Carbon trading company CarbonZ has stolen a march on the government by launching its own biodiversity credit system.
The scheme was launched on July 7 with seven companies signed up to purchase CarbonZ biodiversity action credits (CBACs).
The credits are for pest control on privately owned land. The first project being funded is through the Eastern Whio Link, a charity working in the upper Waioeka Gorge near Gisborne to protect the endangered whio duck population from predators.
On the same day CarbonZ started the scheme, Conservation Minister James Shaw announced a consultation process for a biodiversity credit system.
That will allow businesses and others to buy credits for conservation projects on private land. The government has yet to decide what the owners of such credits could do with them, such as offsetting the negative impacts of development.
Speaking from a boat halfway between New Zealand and Fiji, CarbonZ founder Finn Ross said his company’s CBACs work as a donation.
“The companies aren’t looking to resell it. It’s not an investment in that sense, it’s an investment in nature,” Ross said.
“I think a lot of them are understanding that they’ve got to put their money where their mouth is; there are various points in their supply chains having a negative impact on nature.”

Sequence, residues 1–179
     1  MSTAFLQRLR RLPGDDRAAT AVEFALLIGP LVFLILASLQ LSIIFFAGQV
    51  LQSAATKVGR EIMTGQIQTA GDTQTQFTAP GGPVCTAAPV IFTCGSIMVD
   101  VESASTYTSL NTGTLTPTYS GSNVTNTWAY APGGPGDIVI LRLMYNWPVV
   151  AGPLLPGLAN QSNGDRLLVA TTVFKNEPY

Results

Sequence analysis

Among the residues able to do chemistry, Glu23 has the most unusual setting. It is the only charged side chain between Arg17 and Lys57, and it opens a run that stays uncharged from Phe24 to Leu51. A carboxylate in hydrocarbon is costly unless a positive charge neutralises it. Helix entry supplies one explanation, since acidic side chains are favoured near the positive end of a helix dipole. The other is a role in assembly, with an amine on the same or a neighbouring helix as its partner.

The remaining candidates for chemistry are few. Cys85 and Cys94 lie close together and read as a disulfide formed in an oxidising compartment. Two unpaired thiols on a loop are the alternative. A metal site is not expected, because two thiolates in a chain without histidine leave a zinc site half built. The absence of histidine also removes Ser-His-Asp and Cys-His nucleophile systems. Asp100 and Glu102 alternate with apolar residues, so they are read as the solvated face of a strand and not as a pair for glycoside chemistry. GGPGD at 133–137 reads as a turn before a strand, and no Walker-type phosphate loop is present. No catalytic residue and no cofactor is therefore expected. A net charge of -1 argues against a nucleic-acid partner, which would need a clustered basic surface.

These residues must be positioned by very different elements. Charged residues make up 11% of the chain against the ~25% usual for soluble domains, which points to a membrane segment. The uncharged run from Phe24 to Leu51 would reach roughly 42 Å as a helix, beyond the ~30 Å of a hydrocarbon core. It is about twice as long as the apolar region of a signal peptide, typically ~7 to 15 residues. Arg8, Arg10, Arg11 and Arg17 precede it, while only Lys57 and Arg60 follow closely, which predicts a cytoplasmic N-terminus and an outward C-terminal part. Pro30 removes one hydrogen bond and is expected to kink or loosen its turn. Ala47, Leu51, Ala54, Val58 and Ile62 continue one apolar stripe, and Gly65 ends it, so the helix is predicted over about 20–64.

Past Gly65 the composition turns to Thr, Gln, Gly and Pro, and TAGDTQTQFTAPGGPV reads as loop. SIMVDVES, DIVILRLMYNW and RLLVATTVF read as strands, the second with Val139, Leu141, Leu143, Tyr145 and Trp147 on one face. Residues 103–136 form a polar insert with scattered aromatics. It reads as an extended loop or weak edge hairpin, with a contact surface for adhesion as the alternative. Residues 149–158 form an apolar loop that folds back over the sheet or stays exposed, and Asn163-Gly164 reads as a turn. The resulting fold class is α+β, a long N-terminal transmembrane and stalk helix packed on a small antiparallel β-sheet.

Under the system, one CBAC will buy one predator trap. The traps are spaced 100m apart on the whio project. The CBAC owner can check the exact GPS location of where their credits have gone.
CarbonZ takes a 10% cut from the credits to run the CBAC scheme. Each new trap costs $150 along with $35 for a year’s consumables. Ross said the CBAC price is set above that total cost to make sure each credit will protect a minimum of 100m of riverbank.
Many companies are increasingly looking at biodiversity for their environmental, social and governance (ESG) strategies, he said.
To kick-start its biodiversity credit scheme, CarbonZ began with its existing client base from its carbon trading platform. Founding companies include civil contractors Troydon Contractors, vodka-based drinks company Native Sparkling, leather goods company Yu Mei and Ecostore.
Ross said the scheme is designed to be scalable for other conservation projects on private land in NZ. Private landowners will be getting the added biodiversity for free.
“So many farmers around the country want to do pest control but don’t have the funding.”
In the few days since the scheme began, CarbonZ had been approached by around six other conservation projects, and it is talking to more, he said.
CarbonZ said that its partners all have charitable status.
Eastern Whio Link was registered in August 2022. Its charitable purpose is to “suppress predators and other environmental pressures, to create a thriving ecosystem for whio and other species between Te Urewera and the East Cape”.
The project is led by Hamiora Gibson, who is also known as “Sam the Trap Man”. Gibson said in there were only four breeding pairs of whio in the project’s area when it started.
The biodiversity credits will enable the charity to scale up its work, he said.
Back in 2020, the group set up 30km of traplines, which was enough river habitat for 10 breeding whio pairs.
“Miraculously, all four breeding pairs achieved success in our first year, which was a first on the river for many years,” Gibson said.
Since then, they have seen 46 whio chicks fledge, which have more than tripled the whio population in the region.
The project now has more than 70 volunteers and 1,000 traps across 30,000ha to protect whio, kiwi, native bats and other native bird species.